He sits only behind Tanev for Corsi % among Canucks defencemen at 48.6%. Not bad for a rookie defenceman, who is holding his ground on a Canucks team which is a poor possession team.
Like any rookie he is going to make mistakes. He was beat badly by Detroit Red Wings forward Teemu Pulkkinen for a goal last weekend. However his ability to make a quick first pass is impressive to say the least, and no one right now is questioning the Canucks decision to keep the young defenceman.
Baertschi might be the most disappointing among young Canucks at the moment, but has he been given a fair shake? Despite posting three assists in his first nine games, he has been a healthy scratch twice and has also been benched more than once during the third period. He has bounced around the line up and for the most part is playing on a line with Bo Horvat, who is also struggling to score.
Baertschi is one of the only Canucks forwards who has positive possession statistics. His 55% Corsi is easily the best on the team, showing that he hasn’t hurt the team while on the ice. Still, his ice time has dropped significantly since the beginning of the season. He was playing close to 15 minutes per game in his first two outings, but has only played over ten minutes once in his last five games, and was a healthy scratch against the Coyotes last night.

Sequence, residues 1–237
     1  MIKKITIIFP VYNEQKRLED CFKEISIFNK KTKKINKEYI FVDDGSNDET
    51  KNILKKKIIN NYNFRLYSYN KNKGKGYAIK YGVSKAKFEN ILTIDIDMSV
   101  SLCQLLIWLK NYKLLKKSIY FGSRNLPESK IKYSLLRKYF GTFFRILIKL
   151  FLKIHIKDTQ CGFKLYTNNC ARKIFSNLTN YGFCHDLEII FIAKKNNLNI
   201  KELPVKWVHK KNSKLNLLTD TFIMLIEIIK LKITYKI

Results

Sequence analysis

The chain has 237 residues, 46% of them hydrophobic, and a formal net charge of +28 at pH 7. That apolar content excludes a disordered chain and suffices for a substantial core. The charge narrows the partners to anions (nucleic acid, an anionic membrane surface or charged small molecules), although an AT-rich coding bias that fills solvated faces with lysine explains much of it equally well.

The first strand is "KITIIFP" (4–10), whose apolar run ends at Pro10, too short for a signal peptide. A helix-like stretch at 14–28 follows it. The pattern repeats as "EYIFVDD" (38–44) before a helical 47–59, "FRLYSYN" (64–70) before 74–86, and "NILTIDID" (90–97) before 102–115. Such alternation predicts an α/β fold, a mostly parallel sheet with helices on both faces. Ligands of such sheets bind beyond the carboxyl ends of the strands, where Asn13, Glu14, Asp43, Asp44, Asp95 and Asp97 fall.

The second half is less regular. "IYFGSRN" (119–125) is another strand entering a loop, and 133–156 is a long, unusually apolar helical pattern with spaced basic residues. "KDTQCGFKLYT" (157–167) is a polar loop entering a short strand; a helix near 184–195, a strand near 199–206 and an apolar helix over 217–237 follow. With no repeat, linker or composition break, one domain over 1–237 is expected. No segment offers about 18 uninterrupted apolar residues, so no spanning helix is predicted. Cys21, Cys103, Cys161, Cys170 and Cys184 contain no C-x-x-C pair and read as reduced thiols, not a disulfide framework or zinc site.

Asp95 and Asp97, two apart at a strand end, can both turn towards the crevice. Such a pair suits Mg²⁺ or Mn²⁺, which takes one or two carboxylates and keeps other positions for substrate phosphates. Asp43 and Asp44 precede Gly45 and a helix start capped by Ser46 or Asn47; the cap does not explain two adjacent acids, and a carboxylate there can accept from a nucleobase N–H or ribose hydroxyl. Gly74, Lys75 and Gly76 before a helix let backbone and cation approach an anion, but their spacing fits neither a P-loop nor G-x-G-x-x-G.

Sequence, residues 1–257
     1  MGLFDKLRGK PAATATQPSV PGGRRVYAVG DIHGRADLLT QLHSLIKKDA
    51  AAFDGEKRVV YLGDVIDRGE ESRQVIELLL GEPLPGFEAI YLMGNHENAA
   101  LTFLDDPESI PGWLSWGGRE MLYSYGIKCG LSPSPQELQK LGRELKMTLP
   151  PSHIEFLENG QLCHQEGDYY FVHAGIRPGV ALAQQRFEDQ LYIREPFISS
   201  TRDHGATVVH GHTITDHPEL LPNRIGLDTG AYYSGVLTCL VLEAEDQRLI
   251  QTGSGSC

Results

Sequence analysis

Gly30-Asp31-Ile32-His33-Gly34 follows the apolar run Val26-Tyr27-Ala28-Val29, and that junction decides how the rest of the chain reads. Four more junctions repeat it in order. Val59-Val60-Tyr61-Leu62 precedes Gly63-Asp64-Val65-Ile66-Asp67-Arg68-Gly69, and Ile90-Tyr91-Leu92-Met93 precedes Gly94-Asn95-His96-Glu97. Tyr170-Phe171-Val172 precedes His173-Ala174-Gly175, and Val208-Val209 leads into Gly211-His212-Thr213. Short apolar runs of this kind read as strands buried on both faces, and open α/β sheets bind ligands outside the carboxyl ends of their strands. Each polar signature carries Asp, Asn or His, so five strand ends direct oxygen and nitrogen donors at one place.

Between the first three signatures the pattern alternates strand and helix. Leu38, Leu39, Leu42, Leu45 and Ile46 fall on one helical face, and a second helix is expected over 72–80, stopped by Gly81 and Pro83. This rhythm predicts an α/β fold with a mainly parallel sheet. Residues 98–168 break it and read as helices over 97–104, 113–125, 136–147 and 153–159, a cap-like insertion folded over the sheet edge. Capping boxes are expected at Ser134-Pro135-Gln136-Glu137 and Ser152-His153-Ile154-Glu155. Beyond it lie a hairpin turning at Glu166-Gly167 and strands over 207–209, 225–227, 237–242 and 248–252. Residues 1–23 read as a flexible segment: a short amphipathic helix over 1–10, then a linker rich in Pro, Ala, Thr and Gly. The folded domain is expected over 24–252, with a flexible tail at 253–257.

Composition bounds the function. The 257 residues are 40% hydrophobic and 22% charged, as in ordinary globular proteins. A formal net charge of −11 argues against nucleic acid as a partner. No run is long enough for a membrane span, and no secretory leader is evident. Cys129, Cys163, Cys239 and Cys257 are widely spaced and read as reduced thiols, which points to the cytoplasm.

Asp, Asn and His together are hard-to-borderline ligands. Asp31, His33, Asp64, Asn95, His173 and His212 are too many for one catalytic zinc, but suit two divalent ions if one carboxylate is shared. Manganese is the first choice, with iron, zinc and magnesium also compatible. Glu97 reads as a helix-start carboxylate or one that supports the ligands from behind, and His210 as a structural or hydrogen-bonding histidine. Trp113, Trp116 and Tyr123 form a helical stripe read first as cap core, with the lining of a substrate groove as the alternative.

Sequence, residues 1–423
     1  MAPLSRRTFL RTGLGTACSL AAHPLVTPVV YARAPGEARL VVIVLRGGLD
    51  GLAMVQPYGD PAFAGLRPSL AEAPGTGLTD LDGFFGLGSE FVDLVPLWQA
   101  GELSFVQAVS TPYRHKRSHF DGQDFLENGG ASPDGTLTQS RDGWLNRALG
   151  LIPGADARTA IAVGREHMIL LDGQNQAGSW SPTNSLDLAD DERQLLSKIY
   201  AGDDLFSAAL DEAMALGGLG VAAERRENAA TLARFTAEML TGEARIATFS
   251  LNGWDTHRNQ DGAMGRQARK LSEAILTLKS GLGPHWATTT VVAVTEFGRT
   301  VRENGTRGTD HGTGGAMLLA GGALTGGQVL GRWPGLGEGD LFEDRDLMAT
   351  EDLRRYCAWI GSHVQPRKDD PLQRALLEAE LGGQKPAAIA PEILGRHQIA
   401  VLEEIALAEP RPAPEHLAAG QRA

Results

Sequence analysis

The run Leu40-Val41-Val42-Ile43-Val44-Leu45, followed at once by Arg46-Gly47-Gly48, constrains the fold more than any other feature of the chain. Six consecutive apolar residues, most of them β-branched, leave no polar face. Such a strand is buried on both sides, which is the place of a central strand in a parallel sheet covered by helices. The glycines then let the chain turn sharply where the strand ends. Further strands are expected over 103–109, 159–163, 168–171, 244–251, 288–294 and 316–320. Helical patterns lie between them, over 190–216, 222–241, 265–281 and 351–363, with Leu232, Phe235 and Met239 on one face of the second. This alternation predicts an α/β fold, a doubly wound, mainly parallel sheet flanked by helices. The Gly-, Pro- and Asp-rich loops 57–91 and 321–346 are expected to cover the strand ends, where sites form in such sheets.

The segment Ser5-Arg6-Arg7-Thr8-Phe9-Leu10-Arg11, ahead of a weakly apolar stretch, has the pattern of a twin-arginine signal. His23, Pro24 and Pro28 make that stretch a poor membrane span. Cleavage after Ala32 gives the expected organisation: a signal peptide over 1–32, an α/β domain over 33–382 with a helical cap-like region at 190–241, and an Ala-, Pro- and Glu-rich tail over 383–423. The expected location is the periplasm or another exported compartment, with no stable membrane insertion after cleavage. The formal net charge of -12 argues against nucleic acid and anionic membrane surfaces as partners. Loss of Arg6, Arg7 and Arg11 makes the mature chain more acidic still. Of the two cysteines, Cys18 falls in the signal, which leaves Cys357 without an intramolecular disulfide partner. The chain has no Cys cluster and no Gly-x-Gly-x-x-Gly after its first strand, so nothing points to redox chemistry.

One of the problems with Baertschi is that, much like Linden Vey last season, he was gift-wrapped a major role on this team without really having to earn it. Expectations were set too high for Baertschi, so although he hasn’t been a burden on the ice, he is being criticized because of the lofty expectations set on him by management.
Horvat is the only Canucks forward to not record a point at even-strength this season. Surely people are wondering if he is enduring the sophomore slump, but the 20-year-old has been snake-bitten in the early going.
He only has two points, with both of them coming on the powerplay. Desjardins is trusting him in all situations right now, giving him time on the penalty kill, powerplay, and during overtime. His 51% faceoff percentage is part of the reason why the Canucks are one of the best faceoff teams in the league right now.
He is being trusted in matching up against the best players in the league right now. He made a great play to stop Jaime Benn from scoring in 3-3 overtime the other night (even if he did score later in the shift). His PDO is also a brutal 92.8% right now, suggesting that Horvat should start to find the back of the net sooner or later. As Desjardins has pointed out, he wants to trust players defensively first, and Horvat still shines in that aspect of the game.
Despite only playing two games, Gaunce’s strong play was enough for Desjardins to scratch Baertschi on Friday versus the Coyotes. Desjardins was rewarded as Gaunce scored his first NHL goal of the season.
He is likely to be returned to the minors once Higgins and Prust are healthy, but he could change that if he continues to impress with the big club. He has NHL ready size and speed, and still have strong defensive instincts that he developed as a shutdown centre in junior.
It may not be now, or during this season, but don’t be surprised to see Gaunce as a Canucks regular in the near future.